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Friday, 12 January, 2001, 00:37 GMT
Women 'cope well' with breast surgery
Some women refuse precautionary surgery
Precautionary mastectomies successfully help to reduce anxiety among women at high risk of breast cancer, researchers say.

They also say that removal of both breasts did not have a detrimental impact on women's image of their own bodies, or on their sex lives.

The main message for women is that the outcome of this procedure is very, very favourable

Mal Hatcher, Royal Free Hospital
The operation is offered to some women with a strong family history of the disease, who are known to be at high risk of developing tumours themselves.

US research shows that undergoing breast removal significantly reduces the likelihood of developing breast cancer later on.

A team from Royal Free and University College Medical School, London, interviewed 154 women at high risk of breast cancer who had been offered surgery.

Of these, 79 accepted surgery, 64 declined, and 11 deferred making a decision.

The researchers found that the women who had opted for a mastectomy had significantly reduced anxiety after surgery.


In comparison, those who turned down surgery were more likely to continue to worry about their health.

Most of the women who underwent surgery opted for immediate reconstruction of their breast.

As a result, they were able to feel good about their bodies, and reported little change to their sexual activity, the research said.

However, the researchers did find that women who choose such surgery have a higher, often inaccurate, perception of their risk of developing breast cancer.

They say that genetic counsellors need to ensure that women's decisions about whether to have surgery are based on accurate information.

Favourable outcome

Researcher Mal Hatcher, of the Cancer Research Campaign, told BBC News Online: "The main message for women is that the outcome of this procedure is very, very favourable."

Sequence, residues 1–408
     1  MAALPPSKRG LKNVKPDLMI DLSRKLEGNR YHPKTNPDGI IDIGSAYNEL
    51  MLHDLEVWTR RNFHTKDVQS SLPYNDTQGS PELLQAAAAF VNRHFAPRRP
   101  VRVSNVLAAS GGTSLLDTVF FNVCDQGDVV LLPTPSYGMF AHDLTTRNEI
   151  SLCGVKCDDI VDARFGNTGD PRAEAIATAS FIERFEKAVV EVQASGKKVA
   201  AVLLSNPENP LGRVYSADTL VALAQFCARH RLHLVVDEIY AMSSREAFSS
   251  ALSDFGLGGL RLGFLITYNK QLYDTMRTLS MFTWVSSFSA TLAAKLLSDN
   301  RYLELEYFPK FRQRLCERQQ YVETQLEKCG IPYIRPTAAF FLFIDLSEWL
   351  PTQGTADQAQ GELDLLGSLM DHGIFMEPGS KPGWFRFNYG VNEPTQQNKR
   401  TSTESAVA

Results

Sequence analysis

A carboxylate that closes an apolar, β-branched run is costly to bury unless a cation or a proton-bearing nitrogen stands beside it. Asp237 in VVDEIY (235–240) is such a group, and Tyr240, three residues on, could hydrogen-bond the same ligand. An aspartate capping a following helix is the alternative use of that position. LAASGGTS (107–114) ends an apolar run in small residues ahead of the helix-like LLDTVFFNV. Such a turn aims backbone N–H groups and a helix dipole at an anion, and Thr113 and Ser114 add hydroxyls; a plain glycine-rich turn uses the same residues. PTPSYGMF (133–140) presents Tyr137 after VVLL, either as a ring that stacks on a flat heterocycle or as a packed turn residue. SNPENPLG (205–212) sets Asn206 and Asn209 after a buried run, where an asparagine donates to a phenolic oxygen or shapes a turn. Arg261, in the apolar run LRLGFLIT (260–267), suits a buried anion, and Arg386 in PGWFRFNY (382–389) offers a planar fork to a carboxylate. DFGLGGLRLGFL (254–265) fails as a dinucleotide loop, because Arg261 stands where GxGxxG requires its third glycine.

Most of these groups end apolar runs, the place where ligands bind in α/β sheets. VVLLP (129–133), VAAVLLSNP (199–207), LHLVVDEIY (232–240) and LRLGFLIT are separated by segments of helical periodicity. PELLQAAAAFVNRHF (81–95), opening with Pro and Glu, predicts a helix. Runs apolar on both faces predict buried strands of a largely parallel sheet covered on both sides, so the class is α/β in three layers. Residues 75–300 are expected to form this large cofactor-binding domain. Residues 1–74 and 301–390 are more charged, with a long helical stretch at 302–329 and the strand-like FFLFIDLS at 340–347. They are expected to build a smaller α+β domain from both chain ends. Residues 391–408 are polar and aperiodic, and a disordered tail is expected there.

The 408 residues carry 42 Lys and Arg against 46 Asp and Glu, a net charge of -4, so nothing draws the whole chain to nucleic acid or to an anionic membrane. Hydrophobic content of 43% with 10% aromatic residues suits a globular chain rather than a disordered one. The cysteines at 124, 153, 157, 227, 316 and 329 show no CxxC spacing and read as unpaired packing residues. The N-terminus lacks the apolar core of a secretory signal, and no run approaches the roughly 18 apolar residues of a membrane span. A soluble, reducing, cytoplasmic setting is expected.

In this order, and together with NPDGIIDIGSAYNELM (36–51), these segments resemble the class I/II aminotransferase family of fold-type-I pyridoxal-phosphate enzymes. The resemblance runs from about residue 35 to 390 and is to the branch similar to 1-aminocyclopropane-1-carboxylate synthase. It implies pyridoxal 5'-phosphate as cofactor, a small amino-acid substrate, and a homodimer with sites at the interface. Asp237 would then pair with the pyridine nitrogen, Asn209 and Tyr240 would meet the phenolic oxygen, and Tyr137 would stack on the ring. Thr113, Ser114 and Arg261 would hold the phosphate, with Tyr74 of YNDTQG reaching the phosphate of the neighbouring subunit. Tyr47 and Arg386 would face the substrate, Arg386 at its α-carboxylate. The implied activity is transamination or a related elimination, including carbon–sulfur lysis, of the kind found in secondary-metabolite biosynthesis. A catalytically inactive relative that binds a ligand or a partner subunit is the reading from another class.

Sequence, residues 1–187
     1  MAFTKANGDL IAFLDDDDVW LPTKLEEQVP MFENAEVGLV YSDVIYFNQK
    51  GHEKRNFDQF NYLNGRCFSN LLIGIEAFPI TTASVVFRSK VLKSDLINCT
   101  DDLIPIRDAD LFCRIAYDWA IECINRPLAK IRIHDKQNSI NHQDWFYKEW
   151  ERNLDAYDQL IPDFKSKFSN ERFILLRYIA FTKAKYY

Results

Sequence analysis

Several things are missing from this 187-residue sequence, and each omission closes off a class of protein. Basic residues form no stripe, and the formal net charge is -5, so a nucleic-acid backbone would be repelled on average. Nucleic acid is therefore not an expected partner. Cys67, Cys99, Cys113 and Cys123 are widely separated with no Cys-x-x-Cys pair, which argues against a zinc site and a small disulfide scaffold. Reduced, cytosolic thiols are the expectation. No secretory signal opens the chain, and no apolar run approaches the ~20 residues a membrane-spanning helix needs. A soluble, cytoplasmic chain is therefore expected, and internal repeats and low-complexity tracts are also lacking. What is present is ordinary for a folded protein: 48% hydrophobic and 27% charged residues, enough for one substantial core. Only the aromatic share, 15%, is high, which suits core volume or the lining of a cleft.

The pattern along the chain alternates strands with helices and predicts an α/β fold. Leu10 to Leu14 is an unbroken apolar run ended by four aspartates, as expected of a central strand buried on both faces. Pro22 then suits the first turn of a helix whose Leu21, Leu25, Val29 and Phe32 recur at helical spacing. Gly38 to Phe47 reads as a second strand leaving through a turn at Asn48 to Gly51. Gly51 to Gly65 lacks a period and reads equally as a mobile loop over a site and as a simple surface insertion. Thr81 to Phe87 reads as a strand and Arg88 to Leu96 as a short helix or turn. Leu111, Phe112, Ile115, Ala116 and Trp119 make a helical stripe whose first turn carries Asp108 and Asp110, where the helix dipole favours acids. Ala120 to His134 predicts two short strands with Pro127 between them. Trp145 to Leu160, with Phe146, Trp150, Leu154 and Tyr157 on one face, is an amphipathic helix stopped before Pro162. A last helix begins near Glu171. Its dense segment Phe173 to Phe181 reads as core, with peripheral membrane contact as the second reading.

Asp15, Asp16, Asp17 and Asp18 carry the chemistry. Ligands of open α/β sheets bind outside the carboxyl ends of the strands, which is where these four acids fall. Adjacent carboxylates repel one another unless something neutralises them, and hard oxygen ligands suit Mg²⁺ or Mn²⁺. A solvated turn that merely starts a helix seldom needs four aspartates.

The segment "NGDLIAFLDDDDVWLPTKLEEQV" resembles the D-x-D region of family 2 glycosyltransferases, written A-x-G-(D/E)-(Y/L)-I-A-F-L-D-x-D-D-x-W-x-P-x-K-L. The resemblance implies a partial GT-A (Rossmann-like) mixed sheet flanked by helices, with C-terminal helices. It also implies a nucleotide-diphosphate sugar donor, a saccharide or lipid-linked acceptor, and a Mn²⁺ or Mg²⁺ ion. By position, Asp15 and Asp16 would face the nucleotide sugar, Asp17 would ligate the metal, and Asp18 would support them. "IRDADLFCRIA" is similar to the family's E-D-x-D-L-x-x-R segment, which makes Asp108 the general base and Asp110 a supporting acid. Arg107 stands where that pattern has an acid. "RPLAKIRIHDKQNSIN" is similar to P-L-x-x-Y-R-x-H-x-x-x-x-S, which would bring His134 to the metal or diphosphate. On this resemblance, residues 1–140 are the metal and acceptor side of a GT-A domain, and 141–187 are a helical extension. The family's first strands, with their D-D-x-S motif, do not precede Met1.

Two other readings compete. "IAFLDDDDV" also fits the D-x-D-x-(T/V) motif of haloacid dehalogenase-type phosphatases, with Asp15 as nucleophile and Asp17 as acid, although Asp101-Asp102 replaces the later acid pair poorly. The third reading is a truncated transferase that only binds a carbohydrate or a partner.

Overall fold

Women at higher genetic risk of breast cancer are those who have a combination of the following:

  • a mother or sister who has had the disease
  • a relative who developed breast cancer while young
  • a relative who developed the disease in both breasts
  • more than one relative who has had breast cancer
  • mutations in the BRAC-1 and BRAC-2 genes known to be linked to breast cancer
Jackie Graveney, of the charity Breakthrough Breast Cancer, said: "Whether or not to have such drastic surgery is clearly a personal decision for the woman concerned.

"Such measures have been proven to reduce the chances of developing breast cancer in women who are considered at high-risk.

"However, such women should still have access to the best advice possible when faced with such a dilemma."

Ian Fentiman, Professor of Surgical Oncology at Imperial Cancer Research Fund's Unit at Guy's Hospital said it was still unclear exactly how much breast removal reduced the subsequent risk of cancer.

He said: "We urgently need a National Register of women who have had prophylactic mastectomies, so that the long-term effects can be determined and women with concerns are given accurate information."

The research is published in the British Medical Journal.

  • Women who want advice on the risk of breast cancer can call the hereditary breast cancer helpline on 01629 813 000.

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    15 Feb 00 | Health
    Warning over breast surgery
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